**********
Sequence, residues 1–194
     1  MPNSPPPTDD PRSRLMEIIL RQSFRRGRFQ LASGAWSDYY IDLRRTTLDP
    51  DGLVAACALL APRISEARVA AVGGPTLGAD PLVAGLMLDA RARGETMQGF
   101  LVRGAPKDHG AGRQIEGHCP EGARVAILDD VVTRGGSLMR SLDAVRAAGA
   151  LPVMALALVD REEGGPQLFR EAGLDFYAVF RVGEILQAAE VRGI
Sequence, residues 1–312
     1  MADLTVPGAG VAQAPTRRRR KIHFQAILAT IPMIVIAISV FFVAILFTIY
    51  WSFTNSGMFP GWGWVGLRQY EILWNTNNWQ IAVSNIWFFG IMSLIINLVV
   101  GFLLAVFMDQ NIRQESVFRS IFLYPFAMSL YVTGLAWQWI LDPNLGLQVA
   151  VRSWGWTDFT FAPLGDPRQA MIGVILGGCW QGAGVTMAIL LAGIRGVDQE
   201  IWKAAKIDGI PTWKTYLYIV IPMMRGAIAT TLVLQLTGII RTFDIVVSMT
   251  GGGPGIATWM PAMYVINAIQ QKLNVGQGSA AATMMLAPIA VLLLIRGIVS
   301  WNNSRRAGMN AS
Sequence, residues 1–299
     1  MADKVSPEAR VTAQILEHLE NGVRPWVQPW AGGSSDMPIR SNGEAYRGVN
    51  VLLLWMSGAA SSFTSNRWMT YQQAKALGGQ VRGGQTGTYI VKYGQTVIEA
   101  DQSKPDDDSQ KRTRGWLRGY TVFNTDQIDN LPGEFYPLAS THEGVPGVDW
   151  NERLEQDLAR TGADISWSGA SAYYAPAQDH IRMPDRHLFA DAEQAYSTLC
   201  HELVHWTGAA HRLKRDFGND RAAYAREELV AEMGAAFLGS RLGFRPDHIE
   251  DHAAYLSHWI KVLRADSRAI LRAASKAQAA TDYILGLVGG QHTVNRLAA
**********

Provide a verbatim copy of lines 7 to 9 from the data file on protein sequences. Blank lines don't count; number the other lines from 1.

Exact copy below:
     1  MADLTVPGAG VAQAPTRRRR KIHFQAILAT IPMIVIAISV FFVAILFTIY
    51  WSFTNSGMFP GWGWVGLRQY EILWNTNNWQ IAVSNIWFFG IMSLIINLVV
   101  GFLLAVFMDQ NIRQESVFRS IFLYPFAMSL YVTGLAWQWI LDPNLGLQVA